Study: People With Psychological Stress Could Age Faster
A latest study reveals that psychological stress can lead to premature aging in people.
Researchers at the Brigham and Women's Hospital in women studied the effect of phobic anxiety on aging by looking at the telomere length in more than 5,200 women, aged 42 to 69.
Telomeres are the structures protecting the ends of chromosomes from deterioration. Shortened telomeres have been linked to an increased risk of cancer, heart disease, dementia and death, reports Health Day.
Researchers found an association between phobic anxiety and shorter telomeres in the women. They found that women who had high levels of phobic anxiety had shorter telemeters when compared to those who dint have such psychological stress. Also, they found the length of telemeters in women without the stress was similar to those who were around six years older than them.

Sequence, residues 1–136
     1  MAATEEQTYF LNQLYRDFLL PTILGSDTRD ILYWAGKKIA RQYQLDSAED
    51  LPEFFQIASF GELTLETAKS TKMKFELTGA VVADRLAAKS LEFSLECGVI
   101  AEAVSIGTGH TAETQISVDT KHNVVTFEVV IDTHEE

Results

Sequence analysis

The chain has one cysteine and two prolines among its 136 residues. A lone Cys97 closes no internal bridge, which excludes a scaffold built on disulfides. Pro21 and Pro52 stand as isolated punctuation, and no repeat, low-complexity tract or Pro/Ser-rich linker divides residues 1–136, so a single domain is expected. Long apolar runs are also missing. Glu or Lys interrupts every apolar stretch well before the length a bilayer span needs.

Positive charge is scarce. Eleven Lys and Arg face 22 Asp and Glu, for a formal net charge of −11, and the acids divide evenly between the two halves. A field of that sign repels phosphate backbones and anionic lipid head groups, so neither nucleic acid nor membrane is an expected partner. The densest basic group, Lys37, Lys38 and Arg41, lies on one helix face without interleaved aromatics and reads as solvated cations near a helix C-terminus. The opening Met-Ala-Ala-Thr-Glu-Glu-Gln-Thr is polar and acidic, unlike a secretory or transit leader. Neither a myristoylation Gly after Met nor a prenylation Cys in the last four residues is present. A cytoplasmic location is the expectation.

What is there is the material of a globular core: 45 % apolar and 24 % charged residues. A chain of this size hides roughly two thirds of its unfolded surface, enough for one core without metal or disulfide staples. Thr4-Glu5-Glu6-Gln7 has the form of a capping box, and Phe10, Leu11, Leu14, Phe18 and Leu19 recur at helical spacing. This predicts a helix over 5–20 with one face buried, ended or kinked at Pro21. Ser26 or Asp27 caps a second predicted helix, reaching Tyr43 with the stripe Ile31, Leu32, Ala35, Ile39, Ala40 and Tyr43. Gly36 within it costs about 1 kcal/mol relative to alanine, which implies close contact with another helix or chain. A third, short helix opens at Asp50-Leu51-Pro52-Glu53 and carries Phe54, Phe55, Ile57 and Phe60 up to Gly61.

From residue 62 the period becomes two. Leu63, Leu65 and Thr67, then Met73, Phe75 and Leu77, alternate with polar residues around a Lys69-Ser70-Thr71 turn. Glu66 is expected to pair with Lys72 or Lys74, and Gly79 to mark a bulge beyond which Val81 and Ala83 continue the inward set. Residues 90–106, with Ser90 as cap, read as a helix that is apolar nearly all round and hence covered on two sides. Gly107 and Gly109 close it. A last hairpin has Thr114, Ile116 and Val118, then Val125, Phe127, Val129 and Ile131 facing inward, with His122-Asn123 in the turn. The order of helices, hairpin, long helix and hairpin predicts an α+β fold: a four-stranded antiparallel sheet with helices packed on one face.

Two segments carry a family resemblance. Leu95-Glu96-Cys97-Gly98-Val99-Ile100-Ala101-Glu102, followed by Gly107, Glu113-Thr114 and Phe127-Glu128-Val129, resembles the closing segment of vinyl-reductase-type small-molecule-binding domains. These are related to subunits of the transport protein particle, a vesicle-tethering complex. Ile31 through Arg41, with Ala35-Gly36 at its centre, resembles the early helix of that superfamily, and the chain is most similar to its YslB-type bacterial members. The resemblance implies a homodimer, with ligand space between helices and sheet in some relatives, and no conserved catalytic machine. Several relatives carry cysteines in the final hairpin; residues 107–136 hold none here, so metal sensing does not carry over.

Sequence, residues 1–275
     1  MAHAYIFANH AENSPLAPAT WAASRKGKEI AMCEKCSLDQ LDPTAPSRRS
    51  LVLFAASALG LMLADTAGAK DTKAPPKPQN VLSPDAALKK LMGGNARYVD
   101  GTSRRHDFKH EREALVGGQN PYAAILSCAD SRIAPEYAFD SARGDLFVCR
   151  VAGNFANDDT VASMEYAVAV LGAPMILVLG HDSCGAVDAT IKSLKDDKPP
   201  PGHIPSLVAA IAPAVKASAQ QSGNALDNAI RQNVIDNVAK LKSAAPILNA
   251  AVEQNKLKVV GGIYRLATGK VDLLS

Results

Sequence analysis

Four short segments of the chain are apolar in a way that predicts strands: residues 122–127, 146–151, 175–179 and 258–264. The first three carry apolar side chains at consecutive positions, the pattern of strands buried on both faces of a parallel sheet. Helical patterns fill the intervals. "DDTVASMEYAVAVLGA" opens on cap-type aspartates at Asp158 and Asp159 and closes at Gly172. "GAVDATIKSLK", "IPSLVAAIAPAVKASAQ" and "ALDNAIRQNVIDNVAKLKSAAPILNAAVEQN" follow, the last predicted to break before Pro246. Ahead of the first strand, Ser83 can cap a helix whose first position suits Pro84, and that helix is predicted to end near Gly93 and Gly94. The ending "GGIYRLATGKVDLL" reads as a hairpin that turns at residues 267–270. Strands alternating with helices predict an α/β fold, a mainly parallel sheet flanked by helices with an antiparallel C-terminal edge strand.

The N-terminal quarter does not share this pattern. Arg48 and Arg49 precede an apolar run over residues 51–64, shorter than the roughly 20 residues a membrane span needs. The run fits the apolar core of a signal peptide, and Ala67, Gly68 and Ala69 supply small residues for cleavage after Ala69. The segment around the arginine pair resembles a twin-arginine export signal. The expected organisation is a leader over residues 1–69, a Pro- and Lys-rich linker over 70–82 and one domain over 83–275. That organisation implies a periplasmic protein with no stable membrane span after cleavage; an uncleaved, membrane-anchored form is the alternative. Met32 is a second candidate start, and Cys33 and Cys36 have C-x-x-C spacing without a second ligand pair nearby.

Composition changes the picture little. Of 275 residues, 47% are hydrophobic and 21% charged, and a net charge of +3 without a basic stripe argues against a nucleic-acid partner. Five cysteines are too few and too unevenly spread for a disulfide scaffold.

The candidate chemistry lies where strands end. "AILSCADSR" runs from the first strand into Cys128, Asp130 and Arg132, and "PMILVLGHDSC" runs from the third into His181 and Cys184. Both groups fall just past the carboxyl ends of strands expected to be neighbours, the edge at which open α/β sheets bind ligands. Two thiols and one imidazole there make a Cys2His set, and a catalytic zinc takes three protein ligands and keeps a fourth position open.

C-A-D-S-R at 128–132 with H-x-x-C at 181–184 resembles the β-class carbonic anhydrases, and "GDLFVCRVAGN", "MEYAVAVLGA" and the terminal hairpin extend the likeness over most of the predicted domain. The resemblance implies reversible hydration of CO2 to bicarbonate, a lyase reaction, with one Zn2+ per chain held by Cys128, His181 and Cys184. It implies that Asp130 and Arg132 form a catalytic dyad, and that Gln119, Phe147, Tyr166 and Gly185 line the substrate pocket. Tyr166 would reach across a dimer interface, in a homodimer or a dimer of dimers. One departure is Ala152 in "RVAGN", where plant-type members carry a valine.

The findings, thus suggest that phobic anxiety could cause premature aging. Experts say that phobic anxieties like agoraphobia or claustrophobia trigger intense fear in common circumstances people, which generally would not bother people without the disorder.
"Many people wonder about whether -- and how -- stress can make us age faster," study author Dr. Olivia Okereke of the BWH department of psychiatry, said in a hospital news release.
"So, this study is notable for showing a connection between a common form of psychological stress -- phobic anxiety -- and a plausible mechanism for premature aging. However, this type of study design cannot prove cause-and-effect or which problem came first -- the anxiety or shorter telomeres."
The research results pave the way for more research that could define a definite link between anxiety and changes in telomere length.
The study was published online July 11 in the journal PLoS One.